Profile: David Francis
He may have grown up in Alabama, but David Francis is forever maroon and white.
Four generations of his family preceded him at Mississippi State, and David embraces the same spirit, the same tradition and the same pride as the generations before him.
In the 1880s, David's forefathers first came to the university when it was still known as The Agricultural and Mechanical College of the State of Mississippi, and those young men, like many of their peers, were military soldiers working to train and learn more about agriculture at the Starkville campus.
Approximately 100 years later, David's father broke new ground by completing an engineering degree, and the stage was set for David's pursuit of a mechanical engineering degree in the early 2000s. He always knew he wanted to go into engineering, and Mississippi State was the perfect place to do it.
"In the spring of my senior year of high school, I came here and really enjoyed it. So I knew I was going to Mississippi State. Then, I met my wife, Emily, here my freshman year," he said. "It took me five years to finish my bachelor's and four years to get my Ph.D. A year-and-a-half ago, we had a baby, Lucy. The people at the university and the people in the community have made our lives so rich, it's hard to imagine leaving."
David isn't planning on going anywhere, either. He'll complete his doctoral degree in mechanical engineering in May; he recently defended his thesis on the modeling of plastics.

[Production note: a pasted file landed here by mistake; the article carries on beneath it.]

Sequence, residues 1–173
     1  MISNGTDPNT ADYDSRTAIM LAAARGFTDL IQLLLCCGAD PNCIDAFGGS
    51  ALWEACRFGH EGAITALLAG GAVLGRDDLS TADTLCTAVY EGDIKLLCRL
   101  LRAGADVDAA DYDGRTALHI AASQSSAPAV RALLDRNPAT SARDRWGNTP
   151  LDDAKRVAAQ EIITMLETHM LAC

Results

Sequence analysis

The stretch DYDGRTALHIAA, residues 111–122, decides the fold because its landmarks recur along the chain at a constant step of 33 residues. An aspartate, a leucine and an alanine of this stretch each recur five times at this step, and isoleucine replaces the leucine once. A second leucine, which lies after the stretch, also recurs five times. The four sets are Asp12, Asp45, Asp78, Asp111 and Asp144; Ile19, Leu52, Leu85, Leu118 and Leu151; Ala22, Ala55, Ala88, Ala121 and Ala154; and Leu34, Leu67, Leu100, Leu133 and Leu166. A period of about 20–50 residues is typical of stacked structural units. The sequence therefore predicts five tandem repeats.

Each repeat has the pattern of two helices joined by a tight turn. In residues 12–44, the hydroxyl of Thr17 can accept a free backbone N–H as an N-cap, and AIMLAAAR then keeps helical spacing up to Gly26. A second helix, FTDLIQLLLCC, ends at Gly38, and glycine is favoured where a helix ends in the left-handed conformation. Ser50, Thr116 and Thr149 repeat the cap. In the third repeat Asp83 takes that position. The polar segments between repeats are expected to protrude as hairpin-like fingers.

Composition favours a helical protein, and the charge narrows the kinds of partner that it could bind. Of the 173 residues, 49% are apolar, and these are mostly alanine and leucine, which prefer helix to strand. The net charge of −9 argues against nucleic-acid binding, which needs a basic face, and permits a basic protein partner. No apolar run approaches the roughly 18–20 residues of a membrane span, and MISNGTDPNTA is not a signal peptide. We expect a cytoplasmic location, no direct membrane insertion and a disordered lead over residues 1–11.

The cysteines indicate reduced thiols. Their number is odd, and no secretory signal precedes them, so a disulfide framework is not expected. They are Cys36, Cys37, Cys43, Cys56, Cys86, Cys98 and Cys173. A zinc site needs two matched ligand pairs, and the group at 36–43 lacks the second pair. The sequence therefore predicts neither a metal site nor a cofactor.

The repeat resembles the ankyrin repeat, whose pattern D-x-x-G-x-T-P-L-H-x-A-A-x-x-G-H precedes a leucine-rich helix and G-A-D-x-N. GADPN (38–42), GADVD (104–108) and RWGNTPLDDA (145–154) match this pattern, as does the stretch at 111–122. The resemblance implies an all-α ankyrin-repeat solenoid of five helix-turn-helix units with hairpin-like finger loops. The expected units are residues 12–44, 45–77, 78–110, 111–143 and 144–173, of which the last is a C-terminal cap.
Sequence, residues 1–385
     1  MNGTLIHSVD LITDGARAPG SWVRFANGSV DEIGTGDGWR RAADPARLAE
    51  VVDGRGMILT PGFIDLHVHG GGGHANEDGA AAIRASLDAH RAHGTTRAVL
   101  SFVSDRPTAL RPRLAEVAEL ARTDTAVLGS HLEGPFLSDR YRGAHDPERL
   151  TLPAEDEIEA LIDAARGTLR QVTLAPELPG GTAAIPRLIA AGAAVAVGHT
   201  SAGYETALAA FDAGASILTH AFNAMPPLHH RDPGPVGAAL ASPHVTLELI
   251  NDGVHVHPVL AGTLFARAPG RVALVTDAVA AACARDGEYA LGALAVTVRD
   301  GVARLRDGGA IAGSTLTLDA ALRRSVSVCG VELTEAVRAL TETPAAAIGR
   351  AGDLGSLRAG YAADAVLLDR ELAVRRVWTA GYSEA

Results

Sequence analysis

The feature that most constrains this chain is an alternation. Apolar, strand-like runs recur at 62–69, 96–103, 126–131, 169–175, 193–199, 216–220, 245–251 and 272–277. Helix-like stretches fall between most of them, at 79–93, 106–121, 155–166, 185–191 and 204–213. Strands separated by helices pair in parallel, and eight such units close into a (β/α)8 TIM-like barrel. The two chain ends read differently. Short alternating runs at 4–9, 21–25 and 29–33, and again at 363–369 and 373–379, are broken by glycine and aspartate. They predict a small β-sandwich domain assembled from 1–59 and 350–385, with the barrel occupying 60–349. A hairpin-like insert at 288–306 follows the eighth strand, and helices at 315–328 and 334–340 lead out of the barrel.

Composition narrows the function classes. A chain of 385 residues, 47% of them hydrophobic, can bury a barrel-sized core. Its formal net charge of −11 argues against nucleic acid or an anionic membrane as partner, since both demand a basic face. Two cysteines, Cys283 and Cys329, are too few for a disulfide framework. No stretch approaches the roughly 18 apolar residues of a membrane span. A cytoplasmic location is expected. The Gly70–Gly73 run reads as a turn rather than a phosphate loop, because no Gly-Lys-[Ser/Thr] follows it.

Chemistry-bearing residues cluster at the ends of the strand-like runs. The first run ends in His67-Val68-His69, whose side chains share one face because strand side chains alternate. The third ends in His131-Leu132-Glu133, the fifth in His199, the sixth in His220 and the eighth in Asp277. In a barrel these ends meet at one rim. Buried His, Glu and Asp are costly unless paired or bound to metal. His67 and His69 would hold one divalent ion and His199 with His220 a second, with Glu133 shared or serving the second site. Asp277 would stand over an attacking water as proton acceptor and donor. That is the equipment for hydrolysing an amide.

"My research is focused on understanding damage in plastics — how, when, and where plastic components will break," he said. "In total, the research I do takes on three parts: experimental: studying fracture phenomena; theoretical: using math to explain the physics driving fractures in plastics; and computational: putting the math into a language that a computer can understand in order to simulate correct material behavior."
David wants to give back to the university, community and state that have enhanced his family's lives and his own.
Predictive Design Technologies, a small startup company housed at Mississippi State's business incubator in the Thad Cochran Research, Technology and Economic Development Park, recently hired David to begin full-time work after graduation.
"A couple of my colleagues at CAVS (Center for Advanced Vehicular Systems) work over there part-time, but I'll be the first Mississippi State graduate to go into it full-time," David said. "That was the whole idea behind this company: to grow Mississippi business and to funnel grad students into a place in Mississippi where mechanical graduate students can work and stay in the state."
Giving back to the state, community and school that have given him degrees, a family and a job is what's now driving David, he said.
"It's neat giving back to Mississippi by staying here. I'm trying to give back and raise the economy, as well as the status of Mississippi," he said. "Mississippi State's done a lot of good things with that startup company. They have a lot of interest and a little bit of stake in the company to see it do well. They've given their money, their resources and office space to do just that: to see Mississippi improve in the eyes of the nation."Writer: Leah Barbour | Photo: Beth Wynn
Next week … Mitzi Stegall !